The use of landmines has been banned by over 160 countries for over twenty years by the 1997 Ottawa Convention, but the United States soon won't be among the list of countries that prohibits their use.
The Obama administration created an exception to the Ottawa Convention when the United States joined it in 2014 by allowing the use of landmines along the demilitarized zone in Korea, but Trump is reportedly going rescind President Obama's order, exit the convention altogether, and allow the use of landmines outside of Korea.
The Obama policy committed to replacing landmines in the US stockpile after they expire and directed the destruction of stockpiles not required for the defense of South Korea.
In an exception to the Ottawa convention, the Obama policy allowed the US military to continue to use landmines on the Korean Peninsula where some 28,000 US troops are stationed across the de-militarized zone from North Korea's military of one million troops. That exception was criticized by some non-government organizations.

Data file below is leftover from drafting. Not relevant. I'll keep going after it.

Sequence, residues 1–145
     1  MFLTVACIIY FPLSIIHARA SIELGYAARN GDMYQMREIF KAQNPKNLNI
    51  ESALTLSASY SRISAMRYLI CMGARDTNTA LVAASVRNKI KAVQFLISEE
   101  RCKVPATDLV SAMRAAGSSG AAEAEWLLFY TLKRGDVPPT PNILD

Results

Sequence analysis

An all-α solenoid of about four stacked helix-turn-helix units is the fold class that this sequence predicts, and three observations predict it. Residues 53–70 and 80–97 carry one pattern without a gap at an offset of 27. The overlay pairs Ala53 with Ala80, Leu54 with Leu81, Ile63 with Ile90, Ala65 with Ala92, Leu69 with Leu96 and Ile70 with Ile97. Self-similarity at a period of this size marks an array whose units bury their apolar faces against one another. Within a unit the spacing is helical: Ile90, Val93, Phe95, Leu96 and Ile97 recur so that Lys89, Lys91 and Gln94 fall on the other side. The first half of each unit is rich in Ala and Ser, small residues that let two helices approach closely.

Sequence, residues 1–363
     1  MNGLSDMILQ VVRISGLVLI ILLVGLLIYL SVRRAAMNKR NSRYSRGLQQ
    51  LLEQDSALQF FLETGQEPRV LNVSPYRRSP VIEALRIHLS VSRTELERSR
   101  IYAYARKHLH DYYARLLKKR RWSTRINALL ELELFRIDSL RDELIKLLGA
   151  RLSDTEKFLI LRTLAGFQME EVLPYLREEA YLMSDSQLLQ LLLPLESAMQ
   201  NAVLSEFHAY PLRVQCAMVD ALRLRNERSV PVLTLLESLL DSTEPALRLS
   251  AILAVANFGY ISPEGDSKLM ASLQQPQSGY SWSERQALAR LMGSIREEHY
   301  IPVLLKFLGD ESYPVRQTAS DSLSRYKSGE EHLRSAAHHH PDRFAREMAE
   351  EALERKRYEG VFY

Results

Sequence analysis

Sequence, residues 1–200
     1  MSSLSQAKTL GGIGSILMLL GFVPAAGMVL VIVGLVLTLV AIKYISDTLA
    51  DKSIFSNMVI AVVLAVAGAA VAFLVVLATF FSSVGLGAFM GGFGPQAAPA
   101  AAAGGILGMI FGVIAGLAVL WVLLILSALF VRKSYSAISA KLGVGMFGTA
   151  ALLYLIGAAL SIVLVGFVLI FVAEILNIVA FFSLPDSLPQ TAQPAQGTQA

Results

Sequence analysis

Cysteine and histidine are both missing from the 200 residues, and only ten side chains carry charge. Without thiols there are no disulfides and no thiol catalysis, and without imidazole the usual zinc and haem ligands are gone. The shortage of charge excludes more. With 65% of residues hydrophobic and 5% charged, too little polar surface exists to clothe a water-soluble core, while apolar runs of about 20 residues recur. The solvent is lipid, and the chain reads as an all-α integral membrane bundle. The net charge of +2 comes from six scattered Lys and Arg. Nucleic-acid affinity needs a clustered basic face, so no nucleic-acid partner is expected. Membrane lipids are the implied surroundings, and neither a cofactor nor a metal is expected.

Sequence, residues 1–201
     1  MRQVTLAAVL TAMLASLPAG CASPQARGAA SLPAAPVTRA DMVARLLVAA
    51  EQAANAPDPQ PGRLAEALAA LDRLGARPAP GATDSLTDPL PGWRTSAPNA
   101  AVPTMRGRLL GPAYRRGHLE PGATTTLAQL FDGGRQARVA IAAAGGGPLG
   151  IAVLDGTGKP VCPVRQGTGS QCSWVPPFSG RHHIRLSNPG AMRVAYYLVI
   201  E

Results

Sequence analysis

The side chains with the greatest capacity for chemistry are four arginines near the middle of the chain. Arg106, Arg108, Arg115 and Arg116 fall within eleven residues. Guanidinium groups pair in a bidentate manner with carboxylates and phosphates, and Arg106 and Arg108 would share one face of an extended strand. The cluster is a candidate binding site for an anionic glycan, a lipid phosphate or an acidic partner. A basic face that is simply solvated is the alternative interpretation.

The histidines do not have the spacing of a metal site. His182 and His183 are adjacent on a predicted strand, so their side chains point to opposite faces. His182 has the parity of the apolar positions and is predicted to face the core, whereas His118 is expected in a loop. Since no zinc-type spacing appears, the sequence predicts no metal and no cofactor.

President Donald Trump is expected to rescind Obama's 2014 order in the coming days, delegating landmine policy to the secretary of defense, thereby bringing it in line with weapons policies other than nuclear weapons.
According to CNN, the new policy will require the Pentagon to only use landmines that self-destruct or deactivate after 30-days, but that raises more questions for me; like how much that's going to cost.
Officials who spoke to CNN say using landmines will give the U.S. military an advantage in combat, but that was true for every force that ever used them. They were banned because of their unintended consequences, not because they weren't potent weapons.
When the military starts using landmines again, remember that Donald The Dove made it possible.